A new satellite-based detection method has revealed 39 unreported and major human-made sources of toxic air pollution.
The newly identified sources of toxic sulfur dioxide (SO2) emissions include coal-burning power plants; smelters; and oil and gas operations in the Middle East, Mexico and parts of Russia, according to the new study. These previously unreported sources were found in an analysis of data from NASA's Aura satellite from 2005 to 2014.
A known health hazard and contributor to acid rain, sulfur dioxide (SO2) emissions are closely monitored. Before this satellite-based analysis, SO2 monitoring methods had relied on known locations of pollution sources and subsequent use of emissions inventories from ground-based measurements. [In Photos: World's Most Polluted Places]
"We now have an independent measurement of these emission sources that does not rely on what was known or thought known," Chris McLinden, lead author of the study, said in a statement. "When you look at a satellite picture of sulfur dioxide, you end up with it appearing as hotspots — bull's-eyes, in effect — which makes the estimates of emissions easier."
These SO2 hotspots account for about 12 percent of all human-made SO2 emissions, said McLinden, an atmospheric scientist with Environment and Climate Change Canada. Environment Canada worked with NASA and two universities — University of Maryland, College Park, and Dalhousie University in Halifax, Nova Scotia — on the study, published online May 30 in the journal Nature Geoscience (opens in new tab).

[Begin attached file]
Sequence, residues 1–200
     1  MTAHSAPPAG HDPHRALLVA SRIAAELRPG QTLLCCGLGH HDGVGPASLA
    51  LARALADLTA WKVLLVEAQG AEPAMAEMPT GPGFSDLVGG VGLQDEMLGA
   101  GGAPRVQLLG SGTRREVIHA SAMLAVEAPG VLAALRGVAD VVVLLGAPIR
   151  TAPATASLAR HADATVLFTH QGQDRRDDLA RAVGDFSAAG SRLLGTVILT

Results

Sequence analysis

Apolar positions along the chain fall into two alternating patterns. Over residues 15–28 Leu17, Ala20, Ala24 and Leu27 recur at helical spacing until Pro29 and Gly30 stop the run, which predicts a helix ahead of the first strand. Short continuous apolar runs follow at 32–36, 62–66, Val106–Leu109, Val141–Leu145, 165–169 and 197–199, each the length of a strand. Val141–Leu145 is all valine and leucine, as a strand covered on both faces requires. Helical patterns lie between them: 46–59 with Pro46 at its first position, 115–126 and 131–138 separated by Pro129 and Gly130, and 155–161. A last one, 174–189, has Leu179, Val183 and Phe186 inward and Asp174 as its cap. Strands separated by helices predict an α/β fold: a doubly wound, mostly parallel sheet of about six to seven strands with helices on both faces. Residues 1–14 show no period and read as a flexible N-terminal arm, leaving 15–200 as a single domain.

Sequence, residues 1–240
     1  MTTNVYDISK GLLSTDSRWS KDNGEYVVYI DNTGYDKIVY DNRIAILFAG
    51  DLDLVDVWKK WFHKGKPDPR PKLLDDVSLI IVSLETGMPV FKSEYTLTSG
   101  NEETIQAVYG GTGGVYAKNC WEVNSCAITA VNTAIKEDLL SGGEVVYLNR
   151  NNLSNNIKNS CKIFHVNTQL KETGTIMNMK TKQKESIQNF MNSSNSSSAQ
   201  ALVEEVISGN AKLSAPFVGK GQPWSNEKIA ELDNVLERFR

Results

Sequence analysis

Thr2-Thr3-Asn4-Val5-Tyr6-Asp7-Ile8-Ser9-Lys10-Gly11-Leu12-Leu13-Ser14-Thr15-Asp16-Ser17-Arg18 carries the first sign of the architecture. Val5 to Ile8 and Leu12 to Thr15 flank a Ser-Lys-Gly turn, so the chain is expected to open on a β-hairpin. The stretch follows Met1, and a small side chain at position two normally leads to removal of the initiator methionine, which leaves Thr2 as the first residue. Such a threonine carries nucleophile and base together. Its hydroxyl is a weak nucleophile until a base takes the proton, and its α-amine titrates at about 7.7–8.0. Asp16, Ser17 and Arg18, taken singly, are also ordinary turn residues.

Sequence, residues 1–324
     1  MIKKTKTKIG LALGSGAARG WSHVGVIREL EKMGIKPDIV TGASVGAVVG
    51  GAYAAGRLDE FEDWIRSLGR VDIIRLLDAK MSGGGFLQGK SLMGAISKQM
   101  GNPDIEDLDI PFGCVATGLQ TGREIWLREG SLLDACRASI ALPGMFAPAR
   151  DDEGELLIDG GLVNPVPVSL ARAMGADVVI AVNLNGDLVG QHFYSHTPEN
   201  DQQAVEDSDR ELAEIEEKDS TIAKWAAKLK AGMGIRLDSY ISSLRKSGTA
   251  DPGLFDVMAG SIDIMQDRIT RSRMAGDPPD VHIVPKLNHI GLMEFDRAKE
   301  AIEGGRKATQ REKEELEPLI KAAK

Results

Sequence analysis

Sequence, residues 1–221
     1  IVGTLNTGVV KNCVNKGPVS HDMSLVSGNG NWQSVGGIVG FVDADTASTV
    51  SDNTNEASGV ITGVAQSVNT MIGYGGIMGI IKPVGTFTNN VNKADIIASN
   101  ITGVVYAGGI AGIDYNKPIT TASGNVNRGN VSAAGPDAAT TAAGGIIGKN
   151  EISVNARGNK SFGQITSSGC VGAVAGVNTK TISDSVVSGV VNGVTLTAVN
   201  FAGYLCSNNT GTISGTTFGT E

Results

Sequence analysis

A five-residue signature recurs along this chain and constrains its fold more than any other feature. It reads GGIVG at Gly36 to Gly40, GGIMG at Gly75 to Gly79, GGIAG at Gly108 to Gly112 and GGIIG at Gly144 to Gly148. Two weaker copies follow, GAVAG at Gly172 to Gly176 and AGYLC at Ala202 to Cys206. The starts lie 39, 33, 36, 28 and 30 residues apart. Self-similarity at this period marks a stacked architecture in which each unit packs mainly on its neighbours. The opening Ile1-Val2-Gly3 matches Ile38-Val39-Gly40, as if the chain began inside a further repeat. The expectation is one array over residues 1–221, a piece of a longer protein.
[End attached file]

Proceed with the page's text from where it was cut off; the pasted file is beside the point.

In addition to the new sources, the satellite found emissions from known sources to be two to three times higher than had been reported.
Also identified in the research was a natural source of SO2: 75 nonerupting volcanoes that slowly leak the gas. Though not unknown, many volcanoes are remote and unmonitored, the researchers said. [Nobody Saw This Volcano Erupt … Except NASA's Satellites]
"The unique advantage of satellite data is spatial coverage," said Bryan Duncan, an atmospheric scientist at NASA's Goddard Space Flight Center in Greenbelt, Maryland. "This paper is the perfect demonstration of how new and improved satellite data sets, coupled with new and improved data analysis techniques, allow us to identify even smaller pollutant sources and to quantify these emissions over the globe."
This new information on SO2 will allow agencies to better evaluate regulatory policies on air quality and help predict future emissions, the researchers said.
Original article on Live Science.